|Relationship to me:||Great Great Great Great Great Great Great Great Great Great Great Great Great Great uncle||Gen -15|
|Father:||John Newman of Salisbury||c.1445* - 1529|
|Brothers/Sisters:||Robert Newman of Sturminster Newton|
|Married:||Alice, grand-daughter of James de Havilland|
The following text is copied from the Newman Name Society Chronicle No. 6 dated April 1989. It was almost certainly written by Tony Newman, the founder of the Newman Name Society who extensively researched the Newmans of Fifehead:
William Newman was the son of John Newman of Sarum, and Dorothy. He was one of four children. John Newman died young, his will is dated 1519, his widow later marrying William Chafyn, a mercer of Sarum.
William Newman is variously described as 'of Poole', 'of Fifehead' (that is, Fifehead Magdalen, Dorset), and 'of Sarum'. He also appears in some documents as 'alias Everod', or 'alias Evered', in common vith other Newmans Iiving in north Dorset during this time. Although William Newman's father was from Sarum (Salisbury) there were Newmans in Dorset (actually near Yetminster) at least as far back as 1394, where again, an Everard/Everod alias appears in leases of land and in other documents.
By William's day Poole had already become a thriving centre of commerce. The town's rise to importance has been linked with the arrival and settling of the de Havilland family in 1469 after the seige and battle of Mont Orgueil, Jersey (in 1467). Already a distinguished family, the de Havillands had been lords of Haverland near Valogne, Norrandy in 1050. For his valour and loyalty during the retaking of Mont Orgueil from the French, Thomas Sieur de Havelland was awarded a patent granting advantageous trading priviledges on the mainland. He sent his second son James, to Poole where he soon became the richest trader in the town. Into this prominent family married William Newman. His bride was Alice, grand-daughter of James de Havilland. From then on William's fortunes became entwined with those of the de HaviIlands.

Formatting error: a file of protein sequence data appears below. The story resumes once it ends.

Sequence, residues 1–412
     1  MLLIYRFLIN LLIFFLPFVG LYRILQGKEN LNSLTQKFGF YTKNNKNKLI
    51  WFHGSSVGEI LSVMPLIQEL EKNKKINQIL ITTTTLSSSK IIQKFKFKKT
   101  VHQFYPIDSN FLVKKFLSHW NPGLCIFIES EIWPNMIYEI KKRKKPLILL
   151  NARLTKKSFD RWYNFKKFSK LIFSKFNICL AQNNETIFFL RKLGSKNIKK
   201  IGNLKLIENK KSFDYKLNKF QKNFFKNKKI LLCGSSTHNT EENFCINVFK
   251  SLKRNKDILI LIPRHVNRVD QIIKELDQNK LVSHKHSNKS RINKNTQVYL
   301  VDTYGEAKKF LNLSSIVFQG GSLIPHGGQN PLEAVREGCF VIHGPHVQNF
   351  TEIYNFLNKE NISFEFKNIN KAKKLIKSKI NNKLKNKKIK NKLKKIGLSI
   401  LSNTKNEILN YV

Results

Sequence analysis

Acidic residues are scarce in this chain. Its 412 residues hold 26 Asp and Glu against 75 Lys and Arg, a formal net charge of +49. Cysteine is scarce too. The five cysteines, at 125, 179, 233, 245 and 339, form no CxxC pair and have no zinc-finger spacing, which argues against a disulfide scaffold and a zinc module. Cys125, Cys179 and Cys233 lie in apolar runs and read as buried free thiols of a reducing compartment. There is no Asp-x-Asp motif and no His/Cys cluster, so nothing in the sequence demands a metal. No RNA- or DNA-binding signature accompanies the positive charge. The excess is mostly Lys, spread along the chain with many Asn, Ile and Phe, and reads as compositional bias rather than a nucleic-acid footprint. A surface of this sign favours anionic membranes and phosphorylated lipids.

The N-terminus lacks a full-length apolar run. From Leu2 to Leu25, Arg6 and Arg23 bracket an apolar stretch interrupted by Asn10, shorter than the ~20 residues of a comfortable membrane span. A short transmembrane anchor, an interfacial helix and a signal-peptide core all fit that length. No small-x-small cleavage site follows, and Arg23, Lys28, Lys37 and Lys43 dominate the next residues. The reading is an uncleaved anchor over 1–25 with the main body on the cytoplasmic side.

Alice's grandfather had been mayor of Poole in 1491, 1498 and 1502. Her father was mayor in 1519, 1529 and 1537, then William Newman became mayor in 1551, again in 1568, then for a third time in 1575. The record shows that at least five other de Havillands held the mayoral title between 1506 and 1593. One, Alice's uncle John de Havilland, was elected mayor on four separate occasions. William Newman and Christopher de Havilland (who was to become mayor in 1569), initiated proceedings for creating Poole a county corporate. The importance of this objective is indicated by the (then) sizeable sum of five hundred pounds allocated by the principal townspeople toward this end. The Great Charter of Poole was finally signed and sealed by Queen Elizabeth I on 23rd June 1568.
On 15th September 1571) William Newman (recorded as Mr. Wyllm Neweman), was one of twelve 'appoynted for the benche', that is, appointed justices. From the earliest times Poole had been represented by two members of parliament. In 1553, during Edward VI's reign, those members returned to parliarent were Thonas Whyte and William Newman. In the thirteenth year of the reign of Elizabeth I, William Newman was again returned to parliament this time accorpanied by George Carlton.
William's nephew Nicholas also lived in Poole, being described as 'a merchant of Pole'. William was one of those named in Nicholas' will. After the will (ref no. 716) was proved on 27th January 1580, William chose, for reasons unknown, to contest it. However the will was confirmed by definitive sentence on 26th June 1582.
In William's own will (ref no. 907), proved in 1589, he desired to be buried in the grave of his father and mother in the east part of Saint Thomas' Church, Sarum. In the event he was buried next to his late wife Alice in Saint James' Church, Poole. The will mentions two nieces (both nee Newman), a cousin John Newman and his wife Ursula, and John and Ursula's children: Alice, Joan, Dorothy and Elizabeth Newman. Also mentioned is a tenement owned by William, in Crane Street. Crane Street does not appear on a modern map of Poole.
Note: The date of William's will, 1589, leaves some doubt as to whether he was the son of John Newman who died (according to the article) seventy years earlier in 1519, unless John died very much younger than supposed.
Page created 4 May 2019